2. Add Subtitles to Your Favorite YouTube Videos
Closed captioning is becoming an increasingly popular option for YouTube content creators. To make the site more appealing to various culture and demographics, YouTube is encouraging viewers to caption videos in other languages. This is a wonderful chance for the site’s content to be more universal, and also a great opportunity for you to learn new languages!
If you have a favorite YouTuber who you religiously watch, go back to some of their videos and turn on the captions. You can do this by clicking the “CC” button alongside the bottom of the video. Then, click the gear icon located next to the “CC” button to adjust the language. While on this screen, you can also adjust the speed, allowing you to make the video slower so that you can follow along more easily.
Try this with a video in your target language: Listen to only the first sentence and hit pause. From here, see if you know what was said, and then check by re-watching with the English captions. Continue listening and pausing the video, going sentence by sentence.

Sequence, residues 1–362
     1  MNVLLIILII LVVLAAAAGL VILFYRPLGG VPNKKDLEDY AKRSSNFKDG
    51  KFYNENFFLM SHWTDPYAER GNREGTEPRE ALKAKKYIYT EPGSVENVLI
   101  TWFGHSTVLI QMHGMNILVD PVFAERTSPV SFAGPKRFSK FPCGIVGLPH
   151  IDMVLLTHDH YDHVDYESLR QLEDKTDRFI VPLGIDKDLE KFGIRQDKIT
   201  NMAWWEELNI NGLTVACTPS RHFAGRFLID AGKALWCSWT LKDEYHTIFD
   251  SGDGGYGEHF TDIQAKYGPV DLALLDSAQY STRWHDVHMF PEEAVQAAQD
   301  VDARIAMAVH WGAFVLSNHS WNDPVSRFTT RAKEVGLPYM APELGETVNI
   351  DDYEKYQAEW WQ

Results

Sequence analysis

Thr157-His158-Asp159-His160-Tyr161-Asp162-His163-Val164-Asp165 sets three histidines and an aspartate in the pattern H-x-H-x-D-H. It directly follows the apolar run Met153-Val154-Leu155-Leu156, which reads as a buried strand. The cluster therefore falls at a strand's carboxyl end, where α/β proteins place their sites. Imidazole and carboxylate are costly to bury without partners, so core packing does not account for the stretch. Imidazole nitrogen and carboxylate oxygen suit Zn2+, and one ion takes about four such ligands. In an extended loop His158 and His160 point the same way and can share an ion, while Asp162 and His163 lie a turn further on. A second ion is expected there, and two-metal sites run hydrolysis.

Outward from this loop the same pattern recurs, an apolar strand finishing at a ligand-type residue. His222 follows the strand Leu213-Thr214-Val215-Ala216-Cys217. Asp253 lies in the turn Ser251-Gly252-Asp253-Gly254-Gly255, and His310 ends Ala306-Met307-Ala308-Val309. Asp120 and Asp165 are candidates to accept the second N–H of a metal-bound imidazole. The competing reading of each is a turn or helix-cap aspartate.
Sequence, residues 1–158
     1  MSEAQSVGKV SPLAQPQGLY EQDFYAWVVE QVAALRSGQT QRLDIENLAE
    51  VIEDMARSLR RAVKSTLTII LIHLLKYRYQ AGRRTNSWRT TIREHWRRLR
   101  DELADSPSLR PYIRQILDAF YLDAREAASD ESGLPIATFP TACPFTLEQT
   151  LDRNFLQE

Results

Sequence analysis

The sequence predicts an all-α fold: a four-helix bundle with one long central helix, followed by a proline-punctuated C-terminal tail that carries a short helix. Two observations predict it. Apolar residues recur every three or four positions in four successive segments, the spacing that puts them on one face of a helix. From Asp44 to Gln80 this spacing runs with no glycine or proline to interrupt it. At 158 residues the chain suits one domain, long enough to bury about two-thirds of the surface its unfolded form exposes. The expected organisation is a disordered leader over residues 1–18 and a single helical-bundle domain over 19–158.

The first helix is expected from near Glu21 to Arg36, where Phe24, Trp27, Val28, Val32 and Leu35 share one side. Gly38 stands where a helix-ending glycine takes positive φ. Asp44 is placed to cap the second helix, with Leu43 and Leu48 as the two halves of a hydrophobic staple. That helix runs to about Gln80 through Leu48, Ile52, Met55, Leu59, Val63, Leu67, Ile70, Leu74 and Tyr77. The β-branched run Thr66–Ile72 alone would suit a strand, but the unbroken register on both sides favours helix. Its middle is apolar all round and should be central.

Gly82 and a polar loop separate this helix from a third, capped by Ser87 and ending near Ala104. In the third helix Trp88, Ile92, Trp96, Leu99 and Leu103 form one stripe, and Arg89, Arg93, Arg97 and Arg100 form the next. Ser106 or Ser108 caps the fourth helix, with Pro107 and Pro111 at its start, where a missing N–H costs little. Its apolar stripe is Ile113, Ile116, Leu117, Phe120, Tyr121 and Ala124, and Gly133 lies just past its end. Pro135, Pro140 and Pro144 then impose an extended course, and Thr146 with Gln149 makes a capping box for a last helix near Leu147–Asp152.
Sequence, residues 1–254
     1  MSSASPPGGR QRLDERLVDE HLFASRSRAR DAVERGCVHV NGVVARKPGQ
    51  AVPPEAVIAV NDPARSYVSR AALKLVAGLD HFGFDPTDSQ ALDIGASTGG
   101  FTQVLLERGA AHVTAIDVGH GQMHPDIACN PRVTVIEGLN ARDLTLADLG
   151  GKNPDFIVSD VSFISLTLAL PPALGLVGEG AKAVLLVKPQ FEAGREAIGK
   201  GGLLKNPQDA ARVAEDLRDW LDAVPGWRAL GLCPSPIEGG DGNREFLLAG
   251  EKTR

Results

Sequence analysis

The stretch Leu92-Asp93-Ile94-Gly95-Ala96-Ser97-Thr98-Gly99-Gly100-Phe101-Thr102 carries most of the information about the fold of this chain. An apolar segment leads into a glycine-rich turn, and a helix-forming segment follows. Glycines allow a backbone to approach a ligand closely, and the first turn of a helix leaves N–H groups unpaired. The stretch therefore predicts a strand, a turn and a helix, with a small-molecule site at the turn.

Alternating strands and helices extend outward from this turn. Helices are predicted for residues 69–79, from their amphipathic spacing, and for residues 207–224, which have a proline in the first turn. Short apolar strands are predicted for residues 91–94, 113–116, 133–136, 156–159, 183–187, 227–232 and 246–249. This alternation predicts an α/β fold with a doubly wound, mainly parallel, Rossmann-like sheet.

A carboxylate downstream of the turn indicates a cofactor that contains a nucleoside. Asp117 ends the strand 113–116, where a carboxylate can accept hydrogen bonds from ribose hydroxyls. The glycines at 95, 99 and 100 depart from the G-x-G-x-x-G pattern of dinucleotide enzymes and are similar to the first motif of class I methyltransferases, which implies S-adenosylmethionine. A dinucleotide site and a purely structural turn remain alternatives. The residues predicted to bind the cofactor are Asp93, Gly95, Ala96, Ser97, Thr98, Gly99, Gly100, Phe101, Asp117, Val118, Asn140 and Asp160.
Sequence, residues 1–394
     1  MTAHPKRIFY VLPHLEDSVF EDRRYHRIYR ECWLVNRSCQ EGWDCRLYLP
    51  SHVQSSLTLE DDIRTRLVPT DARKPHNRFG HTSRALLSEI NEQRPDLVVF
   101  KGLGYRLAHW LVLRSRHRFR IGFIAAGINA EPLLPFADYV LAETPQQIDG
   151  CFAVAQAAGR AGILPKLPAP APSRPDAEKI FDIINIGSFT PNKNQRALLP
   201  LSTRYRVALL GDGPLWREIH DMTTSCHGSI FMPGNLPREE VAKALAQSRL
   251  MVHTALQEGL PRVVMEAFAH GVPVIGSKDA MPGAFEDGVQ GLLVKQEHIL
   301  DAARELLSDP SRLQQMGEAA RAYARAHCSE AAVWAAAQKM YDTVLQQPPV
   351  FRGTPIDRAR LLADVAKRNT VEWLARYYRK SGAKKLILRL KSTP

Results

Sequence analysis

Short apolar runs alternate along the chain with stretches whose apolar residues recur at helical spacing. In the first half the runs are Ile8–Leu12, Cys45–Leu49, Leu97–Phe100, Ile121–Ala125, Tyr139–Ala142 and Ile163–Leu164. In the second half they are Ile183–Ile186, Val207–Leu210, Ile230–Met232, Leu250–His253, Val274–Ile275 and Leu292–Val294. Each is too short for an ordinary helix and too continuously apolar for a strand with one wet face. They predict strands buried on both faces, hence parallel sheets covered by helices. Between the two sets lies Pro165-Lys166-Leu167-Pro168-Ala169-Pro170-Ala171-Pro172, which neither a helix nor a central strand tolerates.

You can also try to imitate a native speaker by memorizing part of the YouTube video. This allows you to match your native language with the language spoken throughout the video. Try to pick out commonly used words or expressions. You never know what you’ll discover!
It’s important to be aware of the potential pitfalls of closed captioning on YouTube. Namely, since it’s an automated process, things can get garbled and what you read won’t always correspond to what the video is actually saying.
Luckily, there’s a program that hand-picks videos from YouTube and gives them accurate subtitles: FluentU. This program takes authentic videos in your target language (it’s currently available for 10 different languages) and gives them learning tools. On FluentU, you’ll find movie clips, music videos, commercials, news segments and even vlogs from your favorite YouTubers.